Aggressive Fibromatosis

(redirected from Mesenteric Fibromatosis)

Aggressive Fibromatosis

A common (50% of fibroproliferative lesions of musculoaponeuroses of childhood), slowly infiltrative, non-tender, non-metastasising, but locally aggressive myofibroblastic neoplasm of younger (mean age 40) adults that is the most common tumour of mesentery. It arises in the stomach, GI tract, or abdomen and may extend into liver, pancreas, or retroperitoneum, as well as in deep soft tissues (shoulder, pelvic girdle, chest wall, trunk, back, legs, head and neck, breast and spermatic cord) of children to young adults.
Clinical findings Obstruction of bowel, ureter, and blood vessels; fistula formation.
Management Surgery with wide margins, but not always possible or successful if attempted. Radiotherapy may or may not help. Chemotherapy (imatinib/Glivec/Gleevec) or endocrine therapy may or may not help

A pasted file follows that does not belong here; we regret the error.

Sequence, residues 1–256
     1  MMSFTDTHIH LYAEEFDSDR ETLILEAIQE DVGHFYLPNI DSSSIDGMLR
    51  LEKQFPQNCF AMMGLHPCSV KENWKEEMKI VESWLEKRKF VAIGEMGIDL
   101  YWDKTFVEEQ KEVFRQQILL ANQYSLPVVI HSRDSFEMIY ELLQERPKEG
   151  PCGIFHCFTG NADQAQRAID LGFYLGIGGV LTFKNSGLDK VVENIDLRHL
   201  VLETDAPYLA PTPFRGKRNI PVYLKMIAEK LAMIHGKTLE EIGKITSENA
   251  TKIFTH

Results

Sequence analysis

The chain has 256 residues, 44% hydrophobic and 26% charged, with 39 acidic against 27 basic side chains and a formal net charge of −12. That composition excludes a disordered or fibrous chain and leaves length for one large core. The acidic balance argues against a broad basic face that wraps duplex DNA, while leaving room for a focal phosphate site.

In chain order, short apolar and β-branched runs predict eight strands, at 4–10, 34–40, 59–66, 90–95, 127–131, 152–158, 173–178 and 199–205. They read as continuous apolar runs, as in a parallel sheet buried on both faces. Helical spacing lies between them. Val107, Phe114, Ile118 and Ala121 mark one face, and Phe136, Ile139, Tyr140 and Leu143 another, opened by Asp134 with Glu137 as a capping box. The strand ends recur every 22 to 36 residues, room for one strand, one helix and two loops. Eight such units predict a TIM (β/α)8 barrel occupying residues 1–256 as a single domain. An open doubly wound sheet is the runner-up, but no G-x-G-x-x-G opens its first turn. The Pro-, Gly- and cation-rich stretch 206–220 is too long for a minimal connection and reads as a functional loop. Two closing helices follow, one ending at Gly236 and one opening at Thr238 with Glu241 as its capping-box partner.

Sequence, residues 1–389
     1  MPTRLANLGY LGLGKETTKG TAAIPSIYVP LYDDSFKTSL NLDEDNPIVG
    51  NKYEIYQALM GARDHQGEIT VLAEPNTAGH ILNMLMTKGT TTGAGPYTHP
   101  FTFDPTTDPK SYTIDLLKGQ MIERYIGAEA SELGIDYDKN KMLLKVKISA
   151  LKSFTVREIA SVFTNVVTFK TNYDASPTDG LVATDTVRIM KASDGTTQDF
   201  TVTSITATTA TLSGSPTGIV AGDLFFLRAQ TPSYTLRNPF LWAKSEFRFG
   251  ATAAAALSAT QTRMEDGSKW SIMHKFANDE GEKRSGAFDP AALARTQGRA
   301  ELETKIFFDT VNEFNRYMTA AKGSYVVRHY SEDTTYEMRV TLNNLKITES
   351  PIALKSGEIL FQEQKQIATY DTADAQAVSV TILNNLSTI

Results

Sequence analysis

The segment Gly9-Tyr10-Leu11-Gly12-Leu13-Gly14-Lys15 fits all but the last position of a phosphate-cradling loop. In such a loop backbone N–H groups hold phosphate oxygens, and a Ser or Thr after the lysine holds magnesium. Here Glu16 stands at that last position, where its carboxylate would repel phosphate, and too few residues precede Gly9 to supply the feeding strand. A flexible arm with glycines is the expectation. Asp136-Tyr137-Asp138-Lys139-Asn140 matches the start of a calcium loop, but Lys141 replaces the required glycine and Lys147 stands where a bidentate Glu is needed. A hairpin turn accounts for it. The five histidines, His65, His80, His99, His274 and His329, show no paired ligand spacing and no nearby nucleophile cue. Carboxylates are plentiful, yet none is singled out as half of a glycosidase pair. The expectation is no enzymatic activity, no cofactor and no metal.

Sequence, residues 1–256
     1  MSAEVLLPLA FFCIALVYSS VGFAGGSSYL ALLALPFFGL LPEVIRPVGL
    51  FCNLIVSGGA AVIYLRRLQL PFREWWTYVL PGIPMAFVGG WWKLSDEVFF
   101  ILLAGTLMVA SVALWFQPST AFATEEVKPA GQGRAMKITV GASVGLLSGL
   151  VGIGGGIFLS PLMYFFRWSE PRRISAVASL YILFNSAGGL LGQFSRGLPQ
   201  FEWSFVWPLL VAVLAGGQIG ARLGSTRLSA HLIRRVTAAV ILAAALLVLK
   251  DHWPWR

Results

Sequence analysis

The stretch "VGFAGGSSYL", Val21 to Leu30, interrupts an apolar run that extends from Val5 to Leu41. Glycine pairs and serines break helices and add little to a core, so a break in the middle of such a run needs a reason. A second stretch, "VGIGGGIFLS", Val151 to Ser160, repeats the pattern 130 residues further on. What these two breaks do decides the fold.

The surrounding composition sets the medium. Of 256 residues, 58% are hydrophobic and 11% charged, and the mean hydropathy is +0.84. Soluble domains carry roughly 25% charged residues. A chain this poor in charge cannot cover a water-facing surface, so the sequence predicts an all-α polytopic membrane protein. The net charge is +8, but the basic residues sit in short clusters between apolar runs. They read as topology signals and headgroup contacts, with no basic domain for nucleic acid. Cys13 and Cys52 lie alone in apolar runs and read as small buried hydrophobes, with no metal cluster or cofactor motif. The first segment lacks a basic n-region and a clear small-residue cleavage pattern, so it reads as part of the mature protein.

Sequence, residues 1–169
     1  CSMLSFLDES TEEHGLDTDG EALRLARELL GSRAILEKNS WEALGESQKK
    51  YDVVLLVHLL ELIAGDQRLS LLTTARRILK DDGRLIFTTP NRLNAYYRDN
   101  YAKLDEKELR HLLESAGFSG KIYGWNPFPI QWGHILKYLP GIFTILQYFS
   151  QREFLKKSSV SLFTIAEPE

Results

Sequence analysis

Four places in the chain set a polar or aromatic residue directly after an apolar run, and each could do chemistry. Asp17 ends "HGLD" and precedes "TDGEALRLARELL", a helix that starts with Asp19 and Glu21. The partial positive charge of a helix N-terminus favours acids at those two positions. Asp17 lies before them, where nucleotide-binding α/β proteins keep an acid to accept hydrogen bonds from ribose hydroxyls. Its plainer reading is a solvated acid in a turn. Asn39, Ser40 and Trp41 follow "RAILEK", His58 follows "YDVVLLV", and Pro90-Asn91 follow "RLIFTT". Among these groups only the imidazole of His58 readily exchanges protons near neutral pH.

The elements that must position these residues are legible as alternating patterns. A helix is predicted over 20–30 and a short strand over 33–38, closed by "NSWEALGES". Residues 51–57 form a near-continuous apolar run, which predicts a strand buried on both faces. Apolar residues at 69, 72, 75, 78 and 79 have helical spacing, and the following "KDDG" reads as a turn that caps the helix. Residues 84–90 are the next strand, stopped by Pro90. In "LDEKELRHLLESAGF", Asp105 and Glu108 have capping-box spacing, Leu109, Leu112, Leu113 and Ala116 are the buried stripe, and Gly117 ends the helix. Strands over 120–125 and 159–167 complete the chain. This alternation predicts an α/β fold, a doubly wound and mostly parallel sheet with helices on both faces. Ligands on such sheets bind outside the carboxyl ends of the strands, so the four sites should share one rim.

Prognosis Post-excisional recurrences range from 20–90%; successful therapy requires adequate margins. Young age at diagnosis, mesenteric location and Gardner’s syndrome carry a higher risk of recurrence.
References in periodicals archive ?
Simpson RD, Harrison EG Jr, Mayo CW Mesenteric fibromatosis in familial polyposis: a variant of Gardner's syndrome.
Mesenteric fibromatosis or intra-abdominal desmoid fibromatosis can be confused with GIST because of its gross appearance as well as its location.
Betacatenin immunohistochemistry separates mesenteric fibromatosis from gastrointestinal stromal tumor and sclerosing mesenteritis.
Malignant melanomas, synovial sarcomas, mesenteric fibromatosis (desmoid tumors), and schwannomas have been reported as positive for this marker.

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